Main image of article Highest-Paying Internships in Tech Include Facebook, Google

In a twist that will likely surprise nobody, the biggest tech firms pay interns the most of any company, according to new data from Glassdoor. In fact, these internships pay more (if you extrapolated them out to an annual salary) than most "typical" jobs in the U.S.

An intern at Facebook, for example, can pull down a median monthly pay of $8,000. But other firms aren’t far behind: Amazon came in second with median monthly pay of $7,725, followed by Salesforce in third with $7,667, and Google in fourth with $7,500. Here’s the rest of the list:

Although finance firms such as Goldman Sachs also performed well (no surprise, given those companies’ cash flow and reputation for high salaries), tech definitely ruled. In order to build this list, Glassdoor used salary data reported by interns between March 2018 and the end of February 2019.

“In today’s strong job market, it’s a great time for college students and recent graduates to enter the workforce and start their careers,” Glassdoor added. “With historically low unemployment rates and growing job counts, job seekers are in the driver’s seat when it comes to where they want to work and employers are willing to pay top dollar for roles and skills that are in high demand but short supply.”

The key question, as always, is how someone can turn an internship at a top-notch tech company into a full-time career, especially considering the fierce competition for entry-level slots. Back in 2016, recruiting manager Mindy Silverman told Dice that interns should seek out informational interviews with influential people within an organization, such as the managers of departments; that advice is still good today.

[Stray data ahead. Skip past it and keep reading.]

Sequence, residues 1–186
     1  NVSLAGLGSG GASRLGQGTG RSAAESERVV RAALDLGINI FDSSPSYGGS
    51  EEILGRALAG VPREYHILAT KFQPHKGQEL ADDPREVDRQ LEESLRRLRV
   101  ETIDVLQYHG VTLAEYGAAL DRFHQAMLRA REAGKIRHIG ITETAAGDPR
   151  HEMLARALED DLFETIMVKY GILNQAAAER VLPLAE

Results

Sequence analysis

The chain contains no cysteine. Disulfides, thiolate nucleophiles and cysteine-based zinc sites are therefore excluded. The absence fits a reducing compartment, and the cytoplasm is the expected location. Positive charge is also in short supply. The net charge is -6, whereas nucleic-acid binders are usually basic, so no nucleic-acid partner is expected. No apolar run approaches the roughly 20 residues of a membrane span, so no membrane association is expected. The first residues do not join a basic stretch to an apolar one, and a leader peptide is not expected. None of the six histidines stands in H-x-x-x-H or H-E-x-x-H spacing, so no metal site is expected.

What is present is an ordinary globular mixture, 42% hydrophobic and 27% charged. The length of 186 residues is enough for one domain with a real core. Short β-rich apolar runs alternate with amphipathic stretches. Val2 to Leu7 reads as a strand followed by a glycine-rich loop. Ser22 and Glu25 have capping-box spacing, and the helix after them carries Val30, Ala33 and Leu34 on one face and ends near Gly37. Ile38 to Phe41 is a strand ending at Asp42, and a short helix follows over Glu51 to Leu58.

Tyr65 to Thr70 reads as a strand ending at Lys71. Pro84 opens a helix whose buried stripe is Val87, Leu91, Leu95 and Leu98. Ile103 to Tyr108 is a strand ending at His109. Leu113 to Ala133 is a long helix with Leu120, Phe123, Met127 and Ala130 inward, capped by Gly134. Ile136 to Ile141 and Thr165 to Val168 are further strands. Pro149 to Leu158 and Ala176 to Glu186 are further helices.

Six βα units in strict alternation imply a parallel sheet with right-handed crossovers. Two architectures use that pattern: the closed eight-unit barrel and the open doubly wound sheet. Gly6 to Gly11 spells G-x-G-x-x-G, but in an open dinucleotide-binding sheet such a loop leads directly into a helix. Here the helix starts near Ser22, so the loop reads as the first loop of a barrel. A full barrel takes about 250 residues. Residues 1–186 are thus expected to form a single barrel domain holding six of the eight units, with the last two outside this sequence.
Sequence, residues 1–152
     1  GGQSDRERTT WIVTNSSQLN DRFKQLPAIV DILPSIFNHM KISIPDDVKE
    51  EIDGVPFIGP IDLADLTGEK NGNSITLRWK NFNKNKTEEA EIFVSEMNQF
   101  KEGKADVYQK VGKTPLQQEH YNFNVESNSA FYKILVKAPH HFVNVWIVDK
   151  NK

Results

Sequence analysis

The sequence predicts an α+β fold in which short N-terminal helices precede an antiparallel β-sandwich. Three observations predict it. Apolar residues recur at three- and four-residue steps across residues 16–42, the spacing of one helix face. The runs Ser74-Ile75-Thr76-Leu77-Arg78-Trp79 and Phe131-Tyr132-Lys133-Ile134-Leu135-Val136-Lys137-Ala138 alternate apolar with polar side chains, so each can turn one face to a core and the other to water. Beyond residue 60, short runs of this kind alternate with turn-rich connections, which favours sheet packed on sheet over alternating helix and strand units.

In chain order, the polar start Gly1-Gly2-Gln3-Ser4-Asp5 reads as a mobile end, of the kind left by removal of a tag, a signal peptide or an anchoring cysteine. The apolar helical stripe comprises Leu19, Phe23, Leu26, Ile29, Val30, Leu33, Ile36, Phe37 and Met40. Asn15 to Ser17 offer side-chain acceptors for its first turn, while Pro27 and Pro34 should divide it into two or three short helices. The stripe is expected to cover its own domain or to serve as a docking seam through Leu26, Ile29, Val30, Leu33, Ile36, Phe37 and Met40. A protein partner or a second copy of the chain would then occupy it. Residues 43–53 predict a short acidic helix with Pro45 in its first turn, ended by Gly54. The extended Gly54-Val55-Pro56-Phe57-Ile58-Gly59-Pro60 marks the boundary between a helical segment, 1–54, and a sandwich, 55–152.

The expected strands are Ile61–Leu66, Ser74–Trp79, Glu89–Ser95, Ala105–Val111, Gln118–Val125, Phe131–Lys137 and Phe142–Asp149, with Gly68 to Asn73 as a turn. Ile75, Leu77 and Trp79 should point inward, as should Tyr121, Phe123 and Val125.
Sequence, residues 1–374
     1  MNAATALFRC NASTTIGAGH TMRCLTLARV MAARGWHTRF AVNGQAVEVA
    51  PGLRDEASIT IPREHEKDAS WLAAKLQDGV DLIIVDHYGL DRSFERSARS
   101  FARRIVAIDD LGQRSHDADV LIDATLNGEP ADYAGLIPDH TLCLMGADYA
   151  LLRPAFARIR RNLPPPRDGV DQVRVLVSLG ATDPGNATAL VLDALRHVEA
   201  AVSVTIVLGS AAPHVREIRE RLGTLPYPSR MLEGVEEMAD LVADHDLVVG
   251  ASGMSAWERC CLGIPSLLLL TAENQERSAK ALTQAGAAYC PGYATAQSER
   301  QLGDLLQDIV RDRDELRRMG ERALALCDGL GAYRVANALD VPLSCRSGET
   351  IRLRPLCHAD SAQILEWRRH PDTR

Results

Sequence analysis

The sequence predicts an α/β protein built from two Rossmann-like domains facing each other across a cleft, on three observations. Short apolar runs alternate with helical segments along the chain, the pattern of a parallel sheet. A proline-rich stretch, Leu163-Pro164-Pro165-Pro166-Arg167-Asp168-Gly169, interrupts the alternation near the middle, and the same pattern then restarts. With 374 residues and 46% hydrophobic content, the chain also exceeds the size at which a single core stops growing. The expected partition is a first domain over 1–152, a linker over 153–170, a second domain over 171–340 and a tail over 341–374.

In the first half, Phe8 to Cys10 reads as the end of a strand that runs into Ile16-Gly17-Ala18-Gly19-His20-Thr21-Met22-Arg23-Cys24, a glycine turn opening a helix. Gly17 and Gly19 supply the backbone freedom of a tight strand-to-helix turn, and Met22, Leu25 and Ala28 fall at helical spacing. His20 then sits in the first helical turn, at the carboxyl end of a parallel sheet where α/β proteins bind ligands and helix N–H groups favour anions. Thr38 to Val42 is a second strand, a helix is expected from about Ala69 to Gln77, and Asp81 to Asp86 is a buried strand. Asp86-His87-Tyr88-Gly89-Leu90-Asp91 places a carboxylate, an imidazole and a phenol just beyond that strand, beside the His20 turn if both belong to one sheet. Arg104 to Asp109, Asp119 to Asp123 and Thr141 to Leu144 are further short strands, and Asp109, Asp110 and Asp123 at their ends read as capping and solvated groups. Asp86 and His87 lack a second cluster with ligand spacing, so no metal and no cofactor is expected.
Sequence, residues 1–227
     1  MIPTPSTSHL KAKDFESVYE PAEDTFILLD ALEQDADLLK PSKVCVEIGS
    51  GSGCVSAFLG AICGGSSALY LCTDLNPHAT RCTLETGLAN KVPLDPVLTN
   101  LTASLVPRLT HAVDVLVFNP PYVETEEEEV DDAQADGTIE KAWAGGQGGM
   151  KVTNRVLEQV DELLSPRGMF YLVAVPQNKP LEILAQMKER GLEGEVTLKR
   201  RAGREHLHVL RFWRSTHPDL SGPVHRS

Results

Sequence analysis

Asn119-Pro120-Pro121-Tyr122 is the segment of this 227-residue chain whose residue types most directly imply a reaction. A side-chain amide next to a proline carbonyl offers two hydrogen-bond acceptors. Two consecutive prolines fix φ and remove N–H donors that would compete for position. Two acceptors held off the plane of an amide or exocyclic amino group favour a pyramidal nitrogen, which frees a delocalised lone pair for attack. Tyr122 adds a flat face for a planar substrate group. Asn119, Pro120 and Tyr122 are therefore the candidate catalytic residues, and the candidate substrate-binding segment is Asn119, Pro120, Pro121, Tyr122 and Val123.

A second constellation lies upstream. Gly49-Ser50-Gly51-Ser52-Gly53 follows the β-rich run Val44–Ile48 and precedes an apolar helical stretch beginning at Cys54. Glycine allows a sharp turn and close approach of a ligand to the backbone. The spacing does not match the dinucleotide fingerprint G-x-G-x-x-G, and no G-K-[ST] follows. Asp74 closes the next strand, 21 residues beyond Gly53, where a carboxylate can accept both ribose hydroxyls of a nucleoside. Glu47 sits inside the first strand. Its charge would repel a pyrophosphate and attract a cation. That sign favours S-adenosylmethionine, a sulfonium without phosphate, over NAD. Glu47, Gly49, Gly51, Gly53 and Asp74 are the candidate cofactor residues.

At the same time, landing a permanent job isn’t just a matter of getting friendly with executives. During your internship, you must demonstrate that you have the ability to succeed in a full-time role. In addition to successfully deploying your “hard skills” (such as coding or model-building), there are also “soft skills” (such as persistence, intellectual curiosity, and communication) to consider. Don’t just get your work done; make sure you listen carefully in meetings, offer your opinions in a reasoned and considered way, and volunteer to help when needed.  

It’s also a matter of communicating exactly what you’ve been doing to your manager or supervisor. If they can see that you’re doing excellent work and achieving results, they’ll be more inclined to offer you a full-time position. But remember that internships are meant as learning experiences—if you run into an obstacle or issue, don’t be afraid to ask for help.

And remember, even though some internships in tech pay quite a bit, you can earn even more as a full-time employee in a competitive industry—even at entry level.